• Whenever you cough or sneeze, cover your nose and mouth with your bent elbow or tissue (throw the used tissue in a dustbin with a lid immediately). This would prevent the spread of diseases like cold, flu and even COVID-19 into the air in the form of droplets. Encourage people to do the same, in order to prevent the spread of the disease. 
  • If you feel you have any of the symptoms of COVID-19, kindly stay at home. Call your doctor and tell them about your current health situation. Follow the directives of the doctor or local health authority. You can inform the nearest hospital prior to your visit, as this would allow the healthcare professionals to direct you to the right health facility.  
  • Avoid travelling and public gatherings, especially if you are an older person or have any underlying medical condition like hypertension, diabetes or any heart condition.

Since most hand sanitizers are alcohol-based, they can help in deactivating the bacteria and viruses present on the surface of our hands. Most of the sanitizers contain ethanol, isopropanol, water and glycerol. An effective hand sanitizer should have 60% to 95% alcohol content in it. The alcohol present in the sanitizer dissolves the outer wall of bacteria and viruses whereas the hydroxyl groups break up the peptide bonds of the inner membrane. This deactivates the pathogens and they can no longer spread infections.

Read more: How to make hand sanitizer at home

You can use alcohol-based sanitizers if you do not have water and soap near you. Sanitizers can kill the bacteria and viruses present on the surface of the hands, whereas washing hands with soap and water removes them completely. You should wash your hands with soap and water for at least 20 seconds.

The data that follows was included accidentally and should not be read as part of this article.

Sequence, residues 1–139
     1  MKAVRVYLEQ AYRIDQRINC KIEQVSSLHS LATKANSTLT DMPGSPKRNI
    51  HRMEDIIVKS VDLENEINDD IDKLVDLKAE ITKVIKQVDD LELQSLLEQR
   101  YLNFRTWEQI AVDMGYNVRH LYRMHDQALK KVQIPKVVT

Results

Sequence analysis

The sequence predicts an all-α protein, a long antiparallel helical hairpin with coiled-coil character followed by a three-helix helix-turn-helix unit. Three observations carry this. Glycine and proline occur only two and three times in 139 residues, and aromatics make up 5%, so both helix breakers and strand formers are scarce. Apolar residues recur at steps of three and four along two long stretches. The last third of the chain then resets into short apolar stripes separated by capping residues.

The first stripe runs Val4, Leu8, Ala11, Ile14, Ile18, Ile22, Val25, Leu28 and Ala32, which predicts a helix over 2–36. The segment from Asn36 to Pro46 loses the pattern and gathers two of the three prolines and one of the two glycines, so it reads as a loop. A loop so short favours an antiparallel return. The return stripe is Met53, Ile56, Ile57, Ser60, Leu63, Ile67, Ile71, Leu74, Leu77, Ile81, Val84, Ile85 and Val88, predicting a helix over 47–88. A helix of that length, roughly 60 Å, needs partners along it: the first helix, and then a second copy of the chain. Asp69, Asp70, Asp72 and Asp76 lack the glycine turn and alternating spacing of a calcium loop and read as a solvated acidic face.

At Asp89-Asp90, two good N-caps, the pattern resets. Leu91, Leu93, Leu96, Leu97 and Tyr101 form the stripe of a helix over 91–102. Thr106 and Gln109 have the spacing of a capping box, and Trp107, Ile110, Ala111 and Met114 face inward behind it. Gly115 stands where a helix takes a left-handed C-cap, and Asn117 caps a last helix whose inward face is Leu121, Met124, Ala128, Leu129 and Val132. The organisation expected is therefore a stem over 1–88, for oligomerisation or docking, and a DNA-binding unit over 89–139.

According to the World Health Organization, people who do not have any symptoms do not require any masks. People who have COVID-19 or are living with people who have COVID-19 should wear masks. You can wear masks when you take public transport - try to avoid this during the pandemic, though. The health professionals also urge people to not use masks unnecessarily as there is already a worldwide shortage of masks during this pandemic.

Read more: How useful are masks against COVID-19 and how to use them properly

Masks are only necessary for health workers, people with respiratory symptoms, fever and cough and their caretakers. There is a certain way of wearing and disposing of masks:

  • Clean your hands with an alcohol-based sanitiser or soap and water before touching the mask.
  • Make sure that the coloured side of the mask is facing outwards whereas the white part touches your face.
  • The top side of the mask would be the one with the metal strip.
  • Place the mask over your mouth and nose and tie the upper two ends of the mask behind your head.
  • Now pinch the metal strip over the bridge of your nose. Make sure that the strip moulds to the shape of your nose.
  • Pull down the bottom of the mask to cover your mouth and chin and tie the lower ends at the back of your neck.
  • If you have a mask with elastic loops, you can directly place the loops behind your ear.
  • After use, when you have to remove the mask, open the tied ends at the back of the head and neck. Do not touch the mask with your hands. 
  • If you have the mask with elastic loops, remove the loops without touching the mask.
  • Hold the mask by the thread/loop and discard it in a closed bin. 
  • Use alcohol-based hand rub or wash your hands with soap and water, after discarding the mask.

There are two types of masks which can be used by people who have developed the symptoms of COVID-19: